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It was reported this morning that Royals pitcher Yordano Ventura was killed in a car accident in the Dominican Republic. Former prospect Andy Marte was also killed in a separate car accident. Along with Jose Fernandez and Oscar Taveras, the baseball world has lost a lot of young, exciting talent in a very short amount of time.

Ventura was, like all of us, a complex human being. At his best, he was an exciting, talented, emotive pitcher who featured an electric fastball which sat in the mid-90’s and occasionally touched 100 MPH. At his worst, he was an immature, impressionable kid trying to fit in by exacting revenge against batters he felt had wronged him by slinging those electric fastballs at vulnerable areas of their bodies.

Baseball needed Ventura when he was at his best. It is players like him and Fernandez, not Mike Trout, that bring in new fans to the sport. To baseball die-hards, Angels outfielder Mike Trout is the pinnacle of entertainment because we know he’s an otherworldly talent. But to the average fan, Trout is just another player who hits a couple of homers and doesn’t do anything particularly interesting otherwise. Trout is milquetoast. Ventura was never an All-Star, but fans knew who he was because he made his presence felt every time he made a start. He was fun, if sometimes vengeful.

Ventura’s baseball rap sheet is rather lengthy for someone who only pitched parts of four seasons in the big leagues. Early in the 2015 season, Ventura found himself in a handful of benches-clearing incidents in quick succession. On April 12, he jawed with Trout, apparently misunderstanding the motivation behind Trout yelling, “Let’s go!” Though catcher Salvador Perez intervened, Trout’s teammate Albert Pujols ran in from second base and the benches cleared shortly thereafter. On the 18th, some drama between the Athletics and Royals continued. Ventura fired a 99 MPH fastball at Brett Lawrie, resulting in his immediate ejection from the game. More beanball wars ensued in the series finale the following day. Finally, on the 23rd, Ventura hit White Sox first baseman Jose Abreu with a 99 MPH fastball in the fourth inning. Ventura was not ejected… until after the completion of the seventh inning. Walking back to the dugout, Ventura barked at White Sox outfielder Adam Eaton and — you guessed it — the benches cleared. All told, Ventura was fined for his behavior with the Athletics and suspended seven games for the White Sox incident.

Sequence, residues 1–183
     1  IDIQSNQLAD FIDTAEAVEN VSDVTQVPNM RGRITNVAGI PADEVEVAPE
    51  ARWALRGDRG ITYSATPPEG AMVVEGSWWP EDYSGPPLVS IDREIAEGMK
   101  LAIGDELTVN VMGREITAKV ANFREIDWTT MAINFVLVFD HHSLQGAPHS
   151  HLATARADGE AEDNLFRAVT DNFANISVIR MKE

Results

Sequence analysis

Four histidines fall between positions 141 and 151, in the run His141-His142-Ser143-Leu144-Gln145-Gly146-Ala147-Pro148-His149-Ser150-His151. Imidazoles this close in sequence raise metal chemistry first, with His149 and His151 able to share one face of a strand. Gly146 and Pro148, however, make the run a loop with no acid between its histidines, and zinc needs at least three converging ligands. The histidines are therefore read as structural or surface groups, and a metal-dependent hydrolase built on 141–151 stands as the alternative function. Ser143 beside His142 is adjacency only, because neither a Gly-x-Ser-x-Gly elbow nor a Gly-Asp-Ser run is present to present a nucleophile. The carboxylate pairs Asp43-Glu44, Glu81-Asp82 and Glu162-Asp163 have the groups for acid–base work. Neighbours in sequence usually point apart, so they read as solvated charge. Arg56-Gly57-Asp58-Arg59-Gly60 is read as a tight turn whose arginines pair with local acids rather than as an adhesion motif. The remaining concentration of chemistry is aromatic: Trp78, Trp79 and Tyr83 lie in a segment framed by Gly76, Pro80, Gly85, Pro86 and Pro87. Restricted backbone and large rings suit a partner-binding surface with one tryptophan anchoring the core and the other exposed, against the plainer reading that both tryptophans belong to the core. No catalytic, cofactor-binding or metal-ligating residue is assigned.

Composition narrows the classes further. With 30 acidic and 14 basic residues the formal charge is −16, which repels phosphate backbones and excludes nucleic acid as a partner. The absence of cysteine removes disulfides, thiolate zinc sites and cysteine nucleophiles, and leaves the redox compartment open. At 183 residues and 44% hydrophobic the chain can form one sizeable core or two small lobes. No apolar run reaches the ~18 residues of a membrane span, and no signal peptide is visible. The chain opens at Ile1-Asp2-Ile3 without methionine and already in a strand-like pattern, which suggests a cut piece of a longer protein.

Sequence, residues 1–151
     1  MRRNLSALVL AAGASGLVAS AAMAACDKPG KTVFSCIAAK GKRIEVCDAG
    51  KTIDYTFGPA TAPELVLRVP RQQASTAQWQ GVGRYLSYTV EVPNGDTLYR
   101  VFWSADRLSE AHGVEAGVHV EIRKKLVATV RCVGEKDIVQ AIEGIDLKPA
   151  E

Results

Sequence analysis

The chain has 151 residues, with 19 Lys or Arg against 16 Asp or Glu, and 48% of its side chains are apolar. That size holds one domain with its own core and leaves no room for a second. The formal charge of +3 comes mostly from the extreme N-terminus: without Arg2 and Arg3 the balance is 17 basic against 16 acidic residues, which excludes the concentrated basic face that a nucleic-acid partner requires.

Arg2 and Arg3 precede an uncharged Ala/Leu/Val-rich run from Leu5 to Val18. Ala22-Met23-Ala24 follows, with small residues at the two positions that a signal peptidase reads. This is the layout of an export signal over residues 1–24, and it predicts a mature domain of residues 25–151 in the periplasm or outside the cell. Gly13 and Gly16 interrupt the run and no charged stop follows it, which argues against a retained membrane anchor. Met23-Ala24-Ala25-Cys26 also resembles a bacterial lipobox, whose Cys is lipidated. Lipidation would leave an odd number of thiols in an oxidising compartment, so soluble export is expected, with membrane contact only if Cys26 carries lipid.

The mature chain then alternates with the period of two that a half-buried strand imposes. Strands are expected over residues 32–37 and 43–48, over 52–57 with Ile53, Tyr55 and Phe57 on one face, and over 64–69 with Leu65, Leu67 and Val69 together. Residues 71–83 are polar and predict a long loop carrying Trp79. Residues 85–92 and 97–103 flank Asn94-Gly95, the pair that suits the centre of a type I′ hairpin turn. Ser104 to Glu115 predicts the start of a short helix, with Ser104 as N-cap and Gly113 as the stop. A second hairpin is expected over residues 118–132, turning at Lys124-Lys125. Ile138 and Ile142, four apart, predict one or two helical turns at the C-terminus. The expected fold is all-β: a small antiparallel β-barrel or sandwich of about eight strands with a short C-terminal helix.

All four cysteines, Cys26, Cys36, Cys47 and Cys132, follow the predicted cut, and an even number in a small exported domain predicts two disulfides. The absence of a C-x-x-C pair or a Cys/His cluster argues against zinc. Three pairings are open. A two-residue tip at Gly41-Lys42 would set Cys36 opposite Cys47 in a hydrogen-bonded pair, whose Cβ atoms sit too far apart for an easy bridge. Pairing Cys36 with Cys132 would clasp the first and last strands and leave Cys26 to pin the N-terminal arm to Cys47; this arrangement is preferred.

In August 2015, Ventura called Blue Jays outfielder Jose Bautista a “nobody” and accused him of stealing signs. He apologized shortly thereafter. Two months later, during his start in Game 6 of the ALCS against the Blue Jays, Ventura got into it with Jays first base coach Tim Leiper. Nothing happened beyond that, but apparently it was part of the Jays’ plan to try to put Ventura “on tilt.”

Most recently, in June this past season, Ventura hit Orioles third baseman Manny Machado with a pitch. Machado charged the mound and got in at least one punch before the players spilled out onto the field in a blob of royal blue and orange. Ventura was suspended for eight games.

Ventura was by no means a model of civility, but he was a product of baseball’s intransigent culture forcing players to assimilate or be ostracized. The old culture taught players to never show emotion. Hit a home run? Put your head down and circle the bases in a timely fashion or risk taking a fastball to the ribs. Players like Fernandez and Bautista — typically players from Latin countries — challenged those old cultural norms and are, as a result, the vanguard of the new culture. Ventura displayed aspects of each, the worst of the old culture and the best of the new. He was not a one-dimensional person; he was strikingly complex. At one moment willing to use a fastball as a weapon, the next stopping by some kids’ lemonade stand and giving out fist bumps. Baseball is made more entertaining and more interesting by its personalities and Ventura’s was a behemoth, for better or worse. His absence from the sport will be felt.

MLB remembers Yordano Ventura and Andy Marte

BOSTON, MA - AUGUST 28:  Yordano Ventura #30 of the Kansas City Royals delivers in the first inning during a game against the Boston Red Sox on August 28, 2016 at Fenway Park in Boston, Massachusetts.  (Photo by Adam Glanzman/Getty Images)
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Following the tragic passing of 25-year-old Yordano Ventura and 33-year-old Andy Marte, both of whom were killed in separate car crashes on Sunday morning, players and executives from around Major League Baseball expressed an outpouring of grief and support for the players’ families and former teams.

Fans have gathered at Kauffman Stadium in memory of the former pitcher.